The Bernadotte dynasty resigned their Norwegian throne in 1905 and was succeeded by Prince Carl of Denmark, who took the name of Haakon VII when he accepted his election as king of completely independent Norway. He was the first monarch to use the Palace as his permanent residence.
During the reign and residence of King Olav V from 1957 to 1991, there was no money for renovation, something the poor build quality of the original structure direly needed. After Norway mutated from Scandinavia's poor house to its most wealthy member, the current monarch, King Harald V, could start a comprehensive renovation project. He was criticized because of the amount of money needed to bring the Palace up to a satisfactory state even if much of this went to rectify construction deficits from a century and a half ago. Since public tours began in 2002, the general public has been able to view and appreciate the renovation and splendour that the palace now boasts.References:
German crusaders known as the Livonian Brothers of the Sword began construction of the Cēsis castle (Wenden) near the hill fort in 1209. When the castle was enlarged and fortified, it served as the residence for the Order's Master from 1237 till 1561, with periodic interruptions. Its ruins are some of the most majestic castle ruins in the Baltic states. Once the most important castle of the Livonian Order, it was the official residence for the masters of the order.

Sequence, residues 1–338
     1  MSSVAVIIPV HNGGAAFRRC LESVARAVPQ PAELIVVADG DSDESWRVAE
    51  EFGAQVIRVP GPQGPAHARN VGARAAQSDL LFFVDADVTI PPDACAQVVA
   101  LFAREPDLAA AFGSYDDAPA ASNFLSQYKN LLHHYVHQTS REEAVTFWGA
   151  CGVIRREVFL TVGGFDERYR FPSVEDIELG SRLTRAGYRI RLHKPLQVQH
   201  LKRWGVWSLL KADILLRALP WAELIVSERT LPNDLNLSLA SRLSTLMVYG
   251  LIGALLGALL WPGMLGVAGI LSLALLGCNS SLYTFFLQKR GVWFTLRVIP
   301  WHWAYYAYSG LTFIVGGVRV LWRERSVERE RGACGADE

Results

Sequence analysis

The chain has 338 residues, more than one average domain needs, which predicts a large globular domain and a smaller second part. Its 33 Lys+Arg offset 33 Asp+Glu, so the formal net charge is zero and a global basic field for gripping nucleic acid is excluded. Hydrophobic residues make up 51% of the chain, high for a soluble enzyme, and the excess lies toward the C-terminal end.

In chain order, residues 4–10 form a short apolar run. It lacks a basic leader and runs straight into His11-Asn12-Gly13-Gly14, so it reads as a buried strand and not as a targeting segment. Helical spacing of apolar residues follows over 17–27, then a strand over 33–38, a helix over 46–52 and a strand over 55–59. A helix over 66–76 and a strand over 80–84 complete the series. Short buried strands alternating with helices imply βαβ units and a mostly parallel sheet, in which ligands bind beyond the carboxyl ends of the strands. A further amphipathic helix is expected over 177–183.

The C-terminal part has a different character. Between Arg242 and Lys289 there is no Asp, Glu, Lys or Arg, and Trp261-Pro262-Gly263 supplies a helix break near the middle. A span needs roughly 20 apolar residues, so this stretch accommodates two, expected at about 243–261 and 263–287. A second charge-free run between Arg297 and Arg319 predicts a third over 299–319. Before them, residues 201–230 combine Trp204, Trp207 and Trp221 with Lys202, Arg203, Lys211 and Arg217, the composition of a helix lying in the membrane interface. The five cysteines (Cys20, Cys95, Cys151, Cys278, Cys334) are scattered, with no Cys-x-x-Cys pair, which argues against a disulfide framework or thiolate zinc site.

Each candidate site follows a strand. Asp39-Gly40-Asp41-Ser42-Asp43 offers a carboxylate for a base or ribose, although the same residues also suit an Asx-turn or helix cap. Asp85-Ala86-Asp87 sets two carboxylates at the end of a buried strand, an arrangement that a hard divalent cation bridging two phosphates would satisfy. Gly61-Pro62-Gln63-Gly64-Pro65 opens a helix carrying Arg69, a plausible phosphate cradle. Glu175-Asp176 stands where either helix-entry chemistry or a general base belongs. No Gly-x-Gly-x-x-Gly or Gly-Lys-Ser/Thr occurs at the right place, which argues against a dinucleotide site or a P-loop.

In 1577, during the Livonian War, the garrison destroyed the castle to prevent it from falling into the control of Ivan the Terrible, who was decisively defeated in the Battle of Wenden (1578).
In 1598 it was incorporated into the Polish-Lithuanian Commonwealth and Wenden Voivodship was created here. In 1620 Wenden was conquered by Sweden. It was rebuilt afterwards, but was destroyed again in 1703 during the Great Northern War by the Russian army and left in a ruined state. Already from the end of the 16th century, the premises of the Order's castle were adjusted to the requirements of the Cēsis Castle estate. When in 1777 the Cēsis Castle estate was obtained by Count Carl Sievers, he had his new residence house built on the site of the eastern block of the castle, joining its end wall with the fortification tower.
Since 1949, the Cēsis History Museum has been located in this New Castle of the Cēsis Castle estate. The front yard of the New Castle is enclosed by a granary and a stable-coach house, which now houses the Exhibition Hall of the Museum. Beside the granary there is the oldest brewery in Latvia, Cēsu alus darītava, which was built in 1878 during the later Count Sievers' time, but its origins date back to the period of the Livonian Order. Further on, the Cēsis Castle park is situated, which was laid out in 1812. The park has the romantic characteristic of that time, with its winding footpaths, exotic plants, and the waters of the pond reflecting the castle's ruins. Nowadays also one of the towers is open for tourists.